As policing has militarized to fight a faltering war on drugs, few tactics have proved as dangerous as the use of forcible-entry raids to serve narcotics search warrants, which regularly introduce staggering levels of violence into missions that might be accomplished through patient stakeouts or simple knocks at the door.
Thousands of times a year, these “dynamic entry” raids exploit the element of surprise to effect seizures and arrests of neighborhood drug dealers. But they have also led time and again to avoidable deaths, gruesome injuries, demolished property, enduring trauma, blackened reputations and multimillion-dollar legal settlements at taxpayer expense, an investigation by The New York Times found.
For the most part, governments at all levels have chosen not to quantify the toll by requiring reporting on SWAT operations. But The Times’s investigation, which relied on dozens of open-record requests and thousands of pages from police and court files, found that at least 81 civilians and 13 law enforcement officers died in such raids from 2010 through 2016. Scores of others were maimed or wounded.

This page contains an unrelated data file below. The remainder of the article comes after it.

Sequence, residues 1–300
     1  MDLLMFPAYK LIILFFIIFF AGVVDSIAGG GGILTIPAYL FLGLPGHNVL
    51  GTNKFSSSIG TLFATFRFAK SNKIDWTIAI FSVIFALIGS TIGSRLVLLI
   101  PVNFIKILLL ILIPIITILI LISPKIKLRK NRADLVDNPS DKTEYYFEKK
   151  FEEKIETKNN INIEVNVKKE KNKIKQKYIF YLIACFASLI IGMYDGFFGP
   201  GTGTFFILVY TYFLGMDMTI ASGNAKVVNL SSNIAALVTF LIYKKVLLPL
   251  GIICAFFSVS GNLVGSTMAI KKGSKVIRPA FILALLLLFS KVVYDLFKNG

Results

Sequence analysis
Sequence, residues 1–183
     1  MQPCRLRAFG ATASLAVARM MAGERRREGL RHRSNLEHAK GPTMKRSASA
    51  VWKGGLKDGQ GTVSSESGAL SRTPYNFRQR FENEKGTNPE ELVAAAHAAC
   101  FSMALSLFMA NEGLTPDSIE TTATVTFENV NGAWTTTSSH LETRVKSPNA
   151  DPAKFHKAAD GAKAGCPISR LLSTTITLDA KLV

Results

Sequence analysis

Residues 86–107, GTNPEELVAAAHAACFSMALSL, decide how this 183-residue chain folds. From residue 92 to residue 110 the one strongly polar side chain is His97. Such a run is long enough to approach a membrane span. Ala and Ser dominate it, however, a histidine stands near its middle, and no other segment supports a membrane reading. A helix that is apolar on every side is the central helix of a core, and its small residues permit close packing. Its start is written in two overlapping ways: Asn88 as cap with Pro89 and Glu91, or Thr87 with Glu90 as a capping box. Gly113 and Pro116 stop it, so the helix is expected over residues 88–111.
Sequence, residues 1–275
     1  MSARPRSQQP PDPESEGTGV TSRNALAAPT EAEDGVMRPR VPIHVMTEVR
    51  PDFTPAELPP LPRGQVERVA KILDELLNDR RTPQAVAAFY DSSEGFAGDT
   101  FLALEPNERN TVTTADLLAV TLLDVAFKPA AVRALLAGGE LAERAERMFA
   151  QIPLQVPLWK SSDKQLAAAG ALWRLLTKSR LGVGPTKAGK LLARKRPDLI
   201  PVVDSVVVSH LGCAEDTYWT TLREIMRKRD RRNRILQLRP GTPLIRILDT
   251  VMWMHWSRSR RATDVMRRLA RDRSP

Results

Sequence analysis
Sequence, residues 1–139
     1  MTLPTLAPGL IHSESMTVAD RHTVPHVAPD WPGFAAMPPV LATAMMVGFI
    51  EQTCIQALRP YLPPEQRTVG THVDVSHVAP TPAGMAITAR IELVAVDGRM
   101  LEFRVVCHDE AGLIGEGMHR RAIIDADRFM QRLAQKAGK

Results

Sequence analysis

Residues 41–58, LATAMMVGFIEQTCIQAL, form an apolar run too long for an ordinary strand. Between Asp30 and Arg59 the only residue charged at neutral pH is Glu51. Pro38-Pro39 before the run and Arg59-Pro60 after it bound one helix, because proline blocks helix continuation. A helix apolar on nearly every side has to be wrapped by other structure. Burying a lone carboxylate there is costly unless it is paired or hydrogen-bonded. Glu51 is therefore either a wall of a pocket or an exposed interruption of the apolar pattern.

The casualties have occurred in the execution of no-knock warrants, which give the police prior judicial authority to force entry without notice, as well as warrants that require the police to knock and announce themselves before breaking down doors. Often, there is little difference.
These raids usually happen in poorer neighborhoods, and of course, to the Deep American State, and their minions overseeing police departments, the killing of poorer American citizens is really of no concern whatsoever.
And did you ever stop to think that whenever the US government "declares war" on something, drugs, poverty, etc, the problem gets worse?!?
The US government should really look at what happened in Portugal, once they decriminalised the ownership of small amounts of recreational drugs for personal use:
Of course, what Portugal did...was logical.